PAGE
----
99 SKETCHES TO 1 WINNING IDEA

    responsory-sketch

    When you hear the words graphic design, computers and design applications most likely come to mind, and you would be right. These are valuable tools we “creatives” use to deliver the final product. Whether your graphic design work is published online or in print, the moment you see it live or feel it in your hands is special and exciting. That feeling never gets old.

    As designers, our processes are centered on generating ideas — taking these ideas from start to finish always has a process. Although designers all have different ways to bring their ideas to life, one common denominator is often the act of putting them down on paper.

    Nick's sketch bookThe straight and sometimes narrow path to the end goal is just jumping on the computer and diving right into a project. But to me, this eliminates the process of sketch-storming — doodling or drawing many ideas, letting them evolve on a notepad, scratch paper, napkin or the palm of my hand.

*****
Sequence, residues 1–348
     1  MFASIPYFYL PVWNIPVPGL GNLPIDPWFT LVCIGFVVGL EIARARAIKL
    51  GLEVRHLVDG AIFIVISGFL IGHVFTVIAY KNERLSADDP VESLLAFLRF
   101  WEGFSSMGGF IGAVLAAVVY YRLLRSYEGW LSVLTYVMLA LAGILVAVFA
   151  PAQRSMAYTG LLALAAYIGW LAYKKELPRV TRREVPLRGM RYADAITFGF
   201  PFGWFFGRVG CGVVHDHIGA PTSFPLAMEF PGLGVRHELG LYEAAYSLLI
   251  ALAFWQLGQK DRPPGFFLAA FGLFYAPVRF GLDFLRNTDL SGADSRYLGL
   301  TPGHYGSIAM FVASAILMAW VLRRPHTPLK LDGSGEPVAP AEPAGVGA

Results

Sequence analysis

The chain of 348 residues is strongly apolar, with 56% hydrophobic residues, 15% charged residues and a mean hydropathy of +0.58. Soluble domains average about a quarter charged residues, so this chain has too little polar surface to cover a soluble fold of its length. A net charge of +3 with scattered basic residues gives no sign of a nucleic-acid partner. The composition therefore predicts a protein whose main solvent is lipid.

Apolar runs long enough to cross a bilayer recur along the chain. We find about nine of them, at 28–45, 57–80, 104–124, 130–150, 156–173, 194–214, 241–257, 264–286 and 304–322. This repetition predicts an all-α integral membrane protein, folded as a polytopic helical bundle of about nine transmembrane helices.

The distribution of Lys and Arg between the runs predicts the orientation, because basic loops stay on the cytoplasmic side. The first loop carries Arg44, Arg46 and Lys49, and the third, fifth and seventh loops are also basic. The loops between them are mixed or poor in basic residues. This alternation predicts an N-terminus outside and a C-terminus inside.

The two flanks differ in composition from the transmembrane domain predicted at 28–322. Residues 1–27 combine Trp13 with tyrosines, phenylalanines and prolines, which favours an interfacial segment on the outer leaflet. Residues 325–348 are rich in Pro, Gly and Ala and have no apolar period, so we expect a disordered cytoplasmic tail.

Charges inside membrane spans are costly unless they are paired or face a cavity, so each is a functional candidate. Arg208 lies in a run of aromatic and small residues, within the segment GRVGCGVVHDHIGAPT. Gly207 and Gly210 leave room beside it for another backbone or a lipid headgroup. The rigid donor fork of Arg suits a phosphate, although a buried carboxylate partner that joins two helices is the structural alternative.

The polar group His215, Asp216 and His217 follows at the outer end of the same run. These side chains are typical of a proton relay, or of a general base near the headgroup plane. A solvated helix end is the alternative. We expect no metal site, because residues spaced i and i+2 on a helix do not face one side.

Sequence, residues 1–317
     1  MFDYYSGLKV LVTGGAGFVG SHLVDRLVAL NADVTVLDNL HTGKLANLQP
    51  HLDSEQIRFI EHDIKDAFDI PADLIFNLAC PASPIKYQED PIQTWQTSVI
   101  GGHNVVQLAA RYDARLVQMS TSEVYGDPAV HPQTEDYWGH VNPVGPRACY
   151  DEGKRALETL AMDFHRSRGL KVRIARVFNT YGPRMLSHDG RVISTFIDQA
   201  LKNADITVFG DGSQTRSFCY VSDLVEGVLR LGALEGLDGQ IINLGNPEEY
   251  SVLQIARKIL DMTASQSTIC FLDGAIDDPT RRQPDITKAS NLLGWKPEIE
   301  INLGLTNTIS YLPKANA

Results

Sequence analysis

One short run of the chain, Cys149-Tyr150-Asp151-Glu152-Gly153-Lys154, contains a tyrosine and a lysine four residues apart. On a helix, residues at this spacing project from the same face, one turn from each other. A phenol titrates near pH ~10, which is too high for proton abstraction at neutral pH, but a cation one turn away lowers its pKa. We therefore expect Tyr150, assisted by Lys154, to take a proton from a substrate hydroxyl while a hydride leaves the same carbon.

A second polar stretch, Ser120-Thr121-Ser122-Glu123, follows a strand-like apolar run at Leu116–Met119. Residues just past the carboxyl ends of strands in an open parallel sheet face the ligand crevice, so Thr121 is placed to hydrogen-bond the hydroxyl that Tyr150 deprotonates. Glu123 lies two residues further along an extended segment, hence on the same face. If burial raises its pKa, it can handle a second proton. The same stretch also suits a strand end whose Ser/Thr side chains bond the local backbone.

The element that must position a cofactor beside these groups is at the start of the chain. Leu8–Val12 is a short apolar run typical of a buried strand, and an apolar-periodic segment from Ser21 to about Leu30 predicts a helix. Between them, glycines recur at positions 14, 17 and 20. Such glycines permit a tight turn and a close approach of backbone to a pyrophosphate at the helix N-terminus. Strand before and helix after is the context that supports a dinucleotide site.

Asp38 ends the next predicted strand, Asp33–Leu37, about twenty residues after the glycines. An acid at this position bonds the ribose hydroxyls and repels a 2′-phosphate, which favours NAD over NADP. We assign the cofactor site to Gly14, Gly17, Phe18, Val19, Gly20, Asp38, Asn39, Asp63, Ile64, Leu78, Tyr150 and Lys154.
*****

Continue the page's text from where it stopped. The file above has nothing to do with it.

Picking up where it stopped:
Sketching is a major part of my process. I’d love to do more of it. Each time I have taken that pencil to paper, I’ve imagined notions that simply wouldn’t have seen the light of day had I jumped right into a computer design application. It’s this process that facilitates elimination of some ideas and the evolution of others. I dare say that taking the time to sketch-storm has streamlined the entire creative process for me, helping to ultimately justify the integrity of the winning design.

    Here are a few sketch-storming pointers:

    GO, GO, GO:

    Don’t over think it and don’t stop. It should be fast and easy. Remember these are literally visual THOUGHTS on paper.

    ROUGHING IT:

    Don’t worry about how rough your sketch looks. They’re doodles…not masterpieces. Chances are, no one will ever see most of them.

    IT’S ALL ABOUT YOU:

    The sketch-storming process is YOURS. Draw what makes sense to you.

    PAUSE & REPEAT:

    Take the time to pause, re-evaluate and re-sketch the ideas you really like. The more you noddle the idea, the more likely notions in that one or others may mature. Everything you create has the potential for evolution — embrace it.

    DAY IN & DAY OUT:

    A designer I follow, Spencer Nugent, has always inspired me to doodle, sketch and draw each day. Even when the ideas are hard to reach. His thought on personal improvement in design — by doing at least one sketch a day — has been a huge inspiration to me as a creative director, designer and artist.  Check out Nugent’s Sketch-A-Day site.

    I hope my inspiration will encourage you.

    Leave a comment to share your personal idea-generating approach. I’d love to hear it!